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Oil Firms Deny Price Gouging in Recent Surge

TIMES STAFF WRITER

Petroleum industry executives denied Wednesday that oil companies have been profiteering at the expense of California motorists during the recent run-up of gasoline prices.

Capacity shortages at several refineries and higher costs for crude oil left them with no choice but to pass on additional costs to customers, they said.

But another witness, Atty. Gen. Bill Lockyer, told a state panel that his newly launched investigation of the price increases has found “sufficient initial indications of excess profit taking,” but no evidence so far of illegal price fixing or other crimes.

He said he expects the investigation to require considerable time to complete. “It’s very hard to prove that the oil industry colluded to fix prices,” he said.

An analyst for the state Energy Commission testified that, according to commission figures, the amount that refineries add to the cost of name-brand gasolines soared from 28 cents a gallon early in March to 70 cents a gallon by mid-April. Oil company officials say that amount is needed to cover their costs.

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The hearing of the Senate Transportation and Energy committees was called to try to determine the causes of the nearly two-month statewide increase in gasoline prices, which at their peak soared above $2 a gallon in some areas.

Generally, the oil company officials repeated their previous explanations for the price spikes, citing, among other things, the closure of a Tosco refinery in the Bay Area after an explosion killed four workers Feb. 23.

Other refineries, including plants operated by Exxon and Chevron, suffered interruptions in production, which further squeezed supplies, testified Tom Glaviano, a fuel market analyst for the Energy Commission.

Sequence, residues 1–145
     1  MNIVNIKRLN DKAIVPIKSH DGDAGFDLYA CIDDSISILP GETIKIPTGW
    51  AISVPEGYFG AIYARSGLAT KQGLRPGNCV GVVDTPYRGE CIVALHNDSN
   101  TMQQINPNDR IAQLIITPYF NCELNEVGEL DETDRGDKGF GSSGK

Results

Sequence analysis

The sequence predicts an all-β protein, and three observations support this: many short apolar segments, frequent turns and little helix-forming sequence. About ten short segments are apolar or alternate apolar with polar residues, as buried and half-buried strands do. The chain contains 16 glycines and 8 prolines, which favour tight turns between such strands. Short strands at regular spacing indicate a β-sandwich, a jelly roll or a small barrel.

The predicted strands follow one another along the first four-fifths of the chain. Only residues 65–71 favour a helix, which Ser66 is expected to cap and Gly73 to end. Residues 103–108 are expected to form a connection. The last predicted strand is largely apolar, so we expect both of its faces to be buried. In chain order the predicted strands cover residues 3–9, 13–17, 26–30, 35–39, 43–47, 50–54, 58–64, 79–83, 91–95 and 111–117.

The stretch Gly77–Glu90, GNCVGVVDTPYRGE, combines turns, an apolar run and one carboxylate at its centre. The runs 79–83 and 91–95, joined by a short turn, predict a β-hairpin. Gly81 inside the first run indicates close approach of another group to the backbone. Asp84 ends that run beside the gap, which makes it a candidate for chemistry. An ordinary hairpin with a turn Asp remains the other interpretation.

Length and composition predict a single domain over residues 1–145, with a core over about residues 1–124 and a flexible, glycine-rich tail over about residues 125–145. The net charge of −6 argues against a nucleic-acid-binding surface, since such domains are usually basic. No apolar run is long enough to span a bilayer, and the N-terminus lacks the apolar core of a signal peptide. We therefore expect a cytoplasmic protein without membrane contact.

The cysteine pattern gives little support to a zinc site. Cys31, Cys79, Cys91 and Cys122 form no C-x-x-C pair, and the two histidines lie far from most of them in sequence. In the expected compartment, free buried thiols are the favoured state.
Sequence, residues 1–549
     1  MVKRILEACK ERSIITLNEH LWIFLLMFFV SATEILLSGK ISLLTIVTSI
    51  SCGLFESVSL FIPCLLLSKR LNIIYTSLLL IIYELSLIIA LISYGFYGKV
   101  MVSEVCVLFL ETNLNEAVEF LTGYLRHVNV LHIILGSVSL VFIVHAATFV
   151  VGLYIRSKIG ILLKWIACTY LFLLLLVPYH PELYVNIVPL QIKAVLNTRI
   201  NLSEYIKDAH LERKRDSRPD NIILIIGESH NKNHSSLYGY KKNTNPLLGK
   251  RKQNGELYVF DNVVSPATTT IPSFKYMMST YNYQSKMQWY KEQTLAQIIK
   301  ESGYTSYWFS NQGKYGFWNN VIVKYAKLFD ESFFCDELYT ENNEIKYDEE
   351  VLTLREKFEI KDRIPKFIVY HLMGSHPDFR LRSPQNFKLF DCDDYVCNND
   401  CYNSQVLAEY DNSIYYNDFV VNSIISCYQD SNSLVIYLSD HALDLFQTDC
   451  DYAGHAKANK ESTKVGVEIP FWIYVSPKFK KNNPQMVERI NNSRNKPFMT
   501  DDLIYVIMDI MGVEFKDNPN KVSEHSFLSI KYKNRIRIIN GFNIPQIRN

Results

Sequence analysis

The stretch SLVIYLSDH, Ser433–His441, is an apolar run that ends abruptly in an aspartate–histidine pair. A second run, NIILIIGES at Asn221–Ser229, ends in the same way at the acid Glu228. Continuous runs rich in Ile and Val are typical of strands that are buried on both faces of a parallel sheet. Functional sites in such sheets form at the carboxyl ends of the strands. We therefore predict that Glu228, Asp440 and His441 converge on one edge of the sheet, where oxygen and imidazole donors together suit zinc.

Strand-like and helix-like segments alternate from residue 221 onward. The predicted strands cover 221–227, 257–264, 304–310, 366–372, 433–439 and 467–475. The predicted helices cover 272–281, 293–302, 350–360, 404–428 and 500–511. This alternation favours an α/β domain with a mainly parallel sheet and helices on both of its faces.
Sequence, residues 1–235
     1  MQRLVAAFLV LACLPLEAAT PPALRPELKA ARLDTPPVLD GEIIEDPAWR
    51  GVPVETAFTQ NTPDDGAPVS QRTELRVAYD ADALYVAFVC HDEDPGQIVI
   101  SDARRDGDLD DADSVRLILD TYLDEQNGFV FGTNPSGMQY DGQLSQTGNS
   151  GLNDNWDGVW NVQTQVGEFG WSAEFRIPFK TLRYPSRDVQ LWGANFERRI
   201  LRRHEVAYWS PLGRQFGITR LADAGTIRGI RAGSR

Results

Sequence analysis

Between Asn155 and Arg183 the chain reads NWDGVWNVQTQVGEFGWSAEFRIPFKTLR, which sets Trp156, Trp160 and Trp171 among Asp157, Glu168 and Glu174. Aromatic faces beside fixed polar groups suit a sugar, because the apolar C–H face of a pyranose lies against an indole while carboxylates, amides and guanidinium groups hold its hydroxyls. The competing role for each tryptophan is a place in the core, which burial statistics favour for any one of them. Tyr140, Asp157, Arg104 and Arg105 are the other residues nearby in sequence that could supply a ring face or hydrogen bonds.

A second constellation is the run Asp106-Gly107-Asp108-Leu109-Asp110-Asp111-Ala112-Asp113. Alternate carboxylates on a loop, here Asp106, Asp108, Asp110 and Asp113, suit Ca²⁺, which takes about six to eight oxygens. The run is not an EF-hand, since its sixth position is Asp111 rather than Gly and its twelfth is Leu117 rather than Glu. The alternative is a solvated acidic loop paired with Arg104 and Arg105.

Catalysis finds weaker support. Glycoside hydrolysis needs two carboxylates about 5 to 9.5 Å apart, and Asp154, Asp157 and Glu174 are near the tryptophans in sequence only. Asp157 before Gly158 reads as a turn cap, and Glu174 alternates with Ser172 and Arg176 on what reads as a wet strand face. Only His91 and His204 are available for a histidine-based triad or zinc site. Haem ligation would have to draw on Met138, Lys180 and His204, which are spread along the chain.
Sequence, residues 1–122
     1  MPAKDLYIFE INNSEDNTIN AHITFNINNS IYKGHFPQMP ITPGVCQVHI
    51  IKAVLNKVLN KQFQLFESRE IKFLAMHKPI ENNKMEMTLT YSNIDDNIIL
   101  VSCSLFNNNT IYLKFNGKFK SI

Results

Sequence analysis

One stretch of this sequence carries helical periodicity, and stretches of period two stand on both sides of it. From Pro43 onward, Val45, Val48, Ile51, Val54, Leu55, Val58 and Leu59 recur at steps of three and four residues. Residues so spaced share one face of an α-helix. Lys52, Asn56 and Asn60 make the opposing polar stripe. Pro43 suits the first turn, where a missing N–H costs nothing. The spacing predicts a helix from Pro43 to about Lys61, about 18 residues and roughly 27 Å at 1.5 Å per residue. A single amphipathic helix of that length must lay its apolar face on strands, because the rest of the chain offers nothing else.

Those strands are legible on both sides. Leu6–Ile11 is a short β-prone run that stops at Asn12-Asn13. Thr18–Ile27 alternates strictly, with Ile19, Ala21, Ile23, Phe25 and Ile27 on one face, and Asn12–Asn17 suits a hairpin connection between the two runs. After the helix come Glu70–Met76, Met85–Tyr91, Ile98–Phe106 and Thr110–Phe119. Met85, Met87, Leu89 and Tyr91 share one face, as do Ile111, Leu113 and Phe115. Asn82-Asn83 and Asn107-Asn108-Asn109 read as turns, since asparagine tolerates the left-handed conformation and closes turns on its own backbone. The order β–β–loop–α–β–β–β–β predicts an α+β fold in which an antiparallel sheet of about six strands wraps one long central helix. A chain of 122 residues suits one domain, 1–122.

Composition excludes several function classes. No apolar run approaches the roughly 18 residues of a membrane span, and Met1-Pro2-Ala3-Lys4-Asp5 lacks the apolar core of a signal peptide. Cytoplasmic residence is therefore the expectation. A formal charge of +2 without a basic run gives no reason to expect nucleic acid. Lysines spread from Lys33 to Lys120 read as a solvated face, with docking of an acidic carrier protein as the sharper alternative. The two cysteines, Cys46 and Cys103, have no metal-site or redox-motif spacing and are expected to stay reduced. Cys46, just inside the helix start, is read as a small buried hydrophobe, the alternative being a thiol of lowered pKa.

Glaviano said prices peaked April 12 when the average price per gallon of unleaded regular hit $1.62. That price compared with $1.10 a gallon two months earlier. In the past several days, prices have begun to inch down.

Glaviano said that an interruption of production at an Exxon plant during what he called a “spring tuneup,” the closure of the Tosco refinery and a temporary cutback at a Chevron facility all contributed to a shortage of refining capacity.

In addition to those incidents, an Arco plant reduced its refining production briefly when a steam generation facility failed and had to be repaired, witnesses testified.

“I think it was about 10 days before it came back up,” said Chris Nobel, senior vice president of retail marketing for Arco. “It was highly detrimental to our ability to supply our customers.”

He said that the incident produced no safety concerns, but that Arco was forced to buy and import gasoline from Gulf Coast sources. “It was expensive to bring gasoline from the Gulf Coast to the West Coast,” he said.

“We had to go out and buy gasoline. We had to adjust and the price goes up,” he said.

Under questioning, however, Nobel refused to estimate the higher cost of importing gasoline. “I’m not trying to be evasive. . . . There’s no answer to it,” he said.

Other industry representatives included executives of Chevron, Shell and Texaco. Exxon and Tosco rejected the committee’s invitation to testify.

The hearing was a virtual replay of a fact-finding session three years ago when the Legislature tried to find the causes of a similar dramatic increase in gasoline prices. At the time, industry representatives blamed it on high crude oil prices and the extra cost of producing a reformulated clean air gasoline.


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